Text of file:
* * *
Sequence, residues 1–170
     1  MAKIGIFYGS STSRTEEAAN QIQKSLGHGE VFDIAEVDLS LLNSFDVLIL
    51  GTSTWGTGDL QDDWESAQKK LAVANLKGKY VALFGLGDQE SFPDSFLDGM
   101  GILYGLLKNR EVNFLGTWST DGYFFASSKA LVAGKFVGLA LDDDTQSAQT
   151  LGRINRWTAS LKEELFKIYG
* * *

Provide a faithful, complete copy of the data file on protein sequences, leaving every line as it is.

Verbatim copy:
Sequence, residues 1–170
     1  MAKIGIFYGS STSRTEEAAN QIQKSLGHGE VFDIAEVDLS LLNSFDVLIL
    51  GTSTWGTGDL QDDWESAQKK LAVANLKGKY VALFGLGDQE SFPDSFLDGM
   101  GILYGLLKNR EVNFLGTWST DGYFFASSKA LVAGKFVGLA LDDDTQSAQT
   151  LGRINRWTAS LKEELFKIYG